Nolan Gasser, chief musicologist of Pandora Radio’s Music Genome Project, lectured on the intermingling of music, science and the “art of living” during a free presentation on campus yesterday.

An acclaimed composer and pianist, Gasser has arranged music for purposes ranging from symphonies to a NASA satellite mission. He will deliver three more lectures this month on topics ranging from jazz to cosmology. Next week’s talk, set for Feb. 14, will also include a concert at 3 p.m. in Music Dept. Room 1145.

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Musicologist Nolan Gasser speaks to an audience at UCSB about Pandora’s Music Genome Project and the connection between science, life and music.

Assistant music professor John Hajda planned yesterday’s event in conjunction with the S.A.G.E. Center for the Study of the Mind. Hajda said he hopes the lecture series will allow audiences to interpret music outside of their comfort zones.

“I hope people will start talking about music in every facet,” Hadja said. “Whether it is how great Pandora is — which I’m sure students do — to people interested in classical music, to people who want to learn to play the sitar. It doesn’t matter what area of science.”

Throughout his presentation, Gasser played metaphorical musical samples of mathematical and scientific structures and patterns while recounting previous experiments. Gasser said music can be applied to understand abstractions of astronomy and science.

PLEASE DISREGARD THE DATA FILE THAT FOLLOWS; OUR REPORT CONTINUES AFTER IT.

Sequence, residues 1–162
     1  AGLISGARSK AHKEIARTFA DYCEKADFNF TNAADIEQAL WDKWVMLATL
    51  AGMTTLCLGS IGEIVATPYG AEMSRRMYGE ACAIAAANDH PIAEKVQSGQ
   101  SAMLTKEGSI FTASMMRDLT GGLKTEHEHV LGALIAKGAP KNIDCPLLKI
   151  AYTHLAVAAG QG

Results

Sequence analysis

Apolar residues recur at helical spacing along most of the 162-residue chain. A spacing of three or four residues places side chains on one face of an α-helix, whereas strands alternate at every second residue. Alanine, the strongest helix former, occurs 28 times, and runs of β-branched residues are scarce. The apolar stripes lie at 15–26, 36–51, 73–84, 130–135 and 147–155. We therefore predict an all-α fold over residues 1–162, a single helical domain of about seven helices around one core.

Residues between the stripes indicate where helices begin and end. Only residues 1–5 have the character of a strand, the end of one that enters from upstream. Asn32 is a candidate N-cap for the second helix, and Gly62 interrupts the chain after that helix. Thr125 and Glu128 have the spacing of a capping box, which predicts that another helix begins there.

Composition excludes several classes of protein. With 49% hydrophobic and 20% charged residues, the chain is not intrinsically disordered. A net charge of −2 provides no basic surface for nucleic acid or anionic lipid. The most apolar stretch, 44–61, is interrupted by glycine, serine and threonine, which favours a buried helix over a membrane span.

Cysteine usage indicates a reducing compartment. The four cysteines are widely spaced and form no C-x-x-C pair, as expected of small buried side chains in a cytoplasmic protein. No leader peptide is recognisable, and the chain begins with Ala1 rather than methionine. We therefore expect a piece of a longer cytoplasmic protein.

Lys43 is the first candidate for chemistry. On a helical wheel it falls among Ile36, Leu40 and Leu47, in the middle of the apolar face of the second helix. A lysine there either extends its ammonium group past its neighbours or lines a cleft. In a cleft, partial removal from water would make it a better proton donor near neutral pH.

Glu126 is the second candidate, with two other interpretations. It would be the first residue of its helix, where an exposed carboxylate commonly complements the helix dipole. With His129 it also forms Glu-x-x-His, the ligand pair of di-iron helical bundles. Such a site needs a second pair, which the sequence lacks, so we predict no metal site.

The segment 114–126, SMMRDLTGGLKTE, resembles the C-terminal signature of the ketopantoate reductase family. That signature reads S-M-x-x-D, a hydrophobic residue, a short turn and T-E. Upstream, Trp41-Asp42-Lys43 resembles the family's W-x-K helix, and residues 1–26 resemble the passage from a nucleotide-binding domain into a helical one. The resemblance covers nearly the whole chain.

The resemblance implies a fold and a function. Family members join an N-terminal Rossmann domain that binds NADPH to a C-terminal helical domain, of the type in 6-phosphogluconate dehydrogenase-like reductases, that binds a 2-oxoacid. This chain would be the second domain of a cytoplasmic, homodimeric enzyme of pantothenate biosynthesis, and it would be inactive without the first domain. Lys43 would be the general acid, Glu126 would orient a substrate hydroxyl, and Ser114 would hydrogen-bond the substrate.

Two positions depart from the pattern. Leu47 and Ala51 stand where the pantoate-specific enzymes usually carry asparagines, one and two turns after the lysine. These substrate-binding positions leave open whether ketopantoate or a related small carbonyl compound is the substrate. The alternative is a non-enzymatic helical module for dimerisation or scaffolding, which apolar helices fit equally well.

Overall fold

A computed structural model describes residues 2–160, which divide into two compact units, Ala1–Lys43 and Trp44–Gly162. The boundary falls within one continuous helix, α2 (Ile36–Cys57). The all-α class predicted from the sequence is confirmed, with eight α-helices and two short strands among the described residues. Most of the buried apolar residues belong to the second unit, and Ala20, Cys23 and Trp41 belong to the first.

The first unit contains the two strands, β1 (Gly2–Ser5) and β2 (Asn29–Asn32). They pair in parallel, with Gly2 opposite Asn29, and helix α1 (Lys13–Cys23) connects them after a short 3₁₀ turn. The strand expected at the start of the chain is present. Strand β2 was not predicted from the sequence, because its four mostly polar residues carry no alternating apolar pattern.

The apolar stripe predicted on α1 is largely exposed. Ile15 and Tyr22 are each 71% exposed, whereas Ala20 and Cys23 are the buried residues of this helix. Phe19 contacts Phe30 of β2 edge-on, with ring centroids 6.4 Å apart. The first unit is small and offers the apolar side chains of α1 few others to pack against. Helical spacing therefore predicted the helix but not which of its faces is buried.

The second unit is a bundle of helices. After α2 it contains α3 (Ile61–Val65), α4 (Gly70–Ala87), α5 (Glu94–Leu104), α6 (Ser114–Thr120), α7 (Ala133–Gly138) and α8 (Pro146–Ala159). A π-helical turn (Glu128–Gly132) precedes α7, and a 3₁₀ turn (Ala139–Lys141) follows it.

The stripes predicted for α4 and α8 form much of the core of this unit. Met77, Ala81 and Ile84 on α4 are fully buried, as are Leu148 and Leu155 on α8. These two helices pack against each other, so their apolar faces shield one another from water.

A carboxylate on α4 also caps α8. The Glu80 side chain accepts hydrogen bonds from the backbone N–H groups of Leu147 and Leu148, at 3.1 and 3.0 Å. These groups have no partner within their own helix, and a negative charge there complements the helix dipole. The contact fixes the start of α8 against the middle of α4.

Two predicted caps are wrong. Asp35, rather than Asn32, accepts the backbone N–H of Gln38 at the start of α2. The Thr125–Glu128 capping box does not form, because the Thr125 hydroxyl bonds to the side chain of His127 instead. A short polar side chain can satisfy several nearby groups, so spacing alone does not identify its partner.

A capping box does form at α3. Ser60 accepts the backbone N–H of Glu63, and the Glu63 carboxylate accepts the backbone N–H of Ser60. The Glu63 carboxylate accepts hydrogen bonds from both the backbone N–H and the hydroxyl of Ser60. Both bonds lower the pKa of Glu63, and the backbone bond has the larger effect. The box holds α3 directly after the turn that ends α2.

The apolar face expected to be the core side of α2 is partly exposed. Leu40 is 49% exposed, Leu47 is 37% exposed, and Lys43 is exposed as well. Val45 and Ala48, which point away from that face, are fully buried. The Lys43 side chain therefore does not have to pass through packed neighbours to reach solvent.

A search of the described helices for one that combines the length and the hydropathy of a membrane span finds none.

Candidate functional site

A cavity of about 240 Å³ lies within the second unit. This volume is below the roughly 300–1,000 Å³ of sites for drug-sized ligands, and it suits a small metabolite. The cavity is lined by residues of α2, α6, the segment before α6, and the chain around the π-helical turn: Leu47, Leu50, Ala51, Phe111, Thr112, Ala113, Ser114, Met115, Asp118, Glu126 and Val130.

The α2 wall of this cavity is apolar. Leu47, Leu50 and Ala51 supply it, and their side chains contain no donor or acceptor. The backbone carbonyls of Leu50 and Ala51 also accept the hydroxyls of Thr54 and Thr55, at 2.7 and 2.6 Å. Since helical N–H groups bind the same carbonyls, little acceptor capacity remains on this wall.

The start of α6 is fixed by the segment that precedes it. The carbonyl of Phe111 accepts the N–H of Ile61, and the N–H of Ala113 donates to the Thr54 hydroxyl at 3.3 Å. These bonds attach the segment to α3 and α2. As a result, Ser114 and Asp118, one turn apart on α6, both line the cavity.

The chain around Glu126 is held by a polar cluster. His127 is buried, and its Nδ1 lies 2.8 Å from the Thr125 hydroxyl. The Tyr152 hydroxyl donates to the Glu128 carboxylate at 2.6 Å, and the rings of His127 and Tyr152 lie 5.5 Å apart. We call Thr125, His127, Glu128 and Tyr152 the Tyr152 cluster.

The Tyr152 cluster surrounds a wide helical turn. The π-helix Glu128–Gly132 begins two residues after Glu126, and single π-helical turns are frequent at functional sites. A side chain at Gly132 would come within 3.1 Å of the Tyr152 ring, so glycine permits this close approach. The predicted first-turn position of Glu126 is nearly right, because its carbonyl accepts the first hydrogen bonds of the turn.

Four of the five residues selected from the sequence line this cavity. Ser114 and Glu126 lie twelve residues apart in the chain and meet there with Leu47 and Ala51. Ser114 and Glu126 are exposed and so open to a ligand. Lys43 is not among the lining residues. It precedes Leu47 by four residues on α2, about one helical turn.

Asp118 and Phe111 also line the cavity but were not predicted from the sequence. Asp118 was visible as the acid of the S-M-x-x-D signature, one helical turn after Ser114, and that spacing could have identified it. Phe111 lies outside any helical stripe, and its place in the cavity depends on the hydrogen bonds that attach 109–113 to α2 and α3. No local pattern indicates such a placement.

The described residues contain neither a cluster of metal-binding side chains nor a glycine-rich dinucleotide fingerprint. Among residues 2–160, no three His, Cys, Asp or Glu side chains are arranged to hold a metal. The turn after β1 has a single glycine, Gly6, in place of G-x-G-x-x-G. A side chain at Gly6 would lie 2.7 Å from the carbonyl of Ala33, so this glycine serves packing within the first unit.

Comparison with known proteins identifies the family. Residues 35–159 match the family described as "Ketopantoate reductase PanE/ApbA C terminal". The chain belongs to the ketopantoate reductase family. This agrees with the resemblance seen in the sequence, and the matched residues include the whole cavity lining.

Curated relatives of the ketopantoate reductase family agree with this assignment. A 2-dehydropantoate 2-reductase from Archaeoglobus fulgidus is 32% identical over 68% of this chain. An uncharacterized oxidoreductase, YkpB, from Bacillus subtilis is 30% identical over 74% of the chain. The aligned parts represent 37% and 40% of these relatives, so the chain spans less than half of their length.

“[At one point] I wanted to display in sound what is a gamma ray, using complex musical structures,” Gasser said. “This had a video accompaniment that was shown at the Fermi launch and became a bit of a YouTube sensation in the classical music sense, and got a few thousand hits. It also sparked a few articles in Science magazine. It was through the writing of these works that I came to recognize the connection between scientific theory and music.”

However, not all attendees thought the connections between science and music were as clear-cut as Gasser explained. Psychology graduate student Cameron Brick said Gasser presented his scientific theories in an oversimplified manner.

“As a scientist, I think he has overly simplified and cherry-picked and it doesn’t bear much resemblance to what I do as a scientist,” Brick said. “It’s a lot of nice ideas though.”

Gasser spoke on his work with the Music Genome Project and its combination of music and state-of-the-art technology.

Gasser said he approaches musical theory empirically, applying theories of human genotype to similar theories of identifying elements in music.

“There are six genomes: pop/rock, jazz, hip hop, world and classical,” Gasser said. “I tried to keep the analogy with the human genome project very close. If I could identify all the genes of a musical species in a given genre, I can identify all the genes that connect songs, artists and composers.”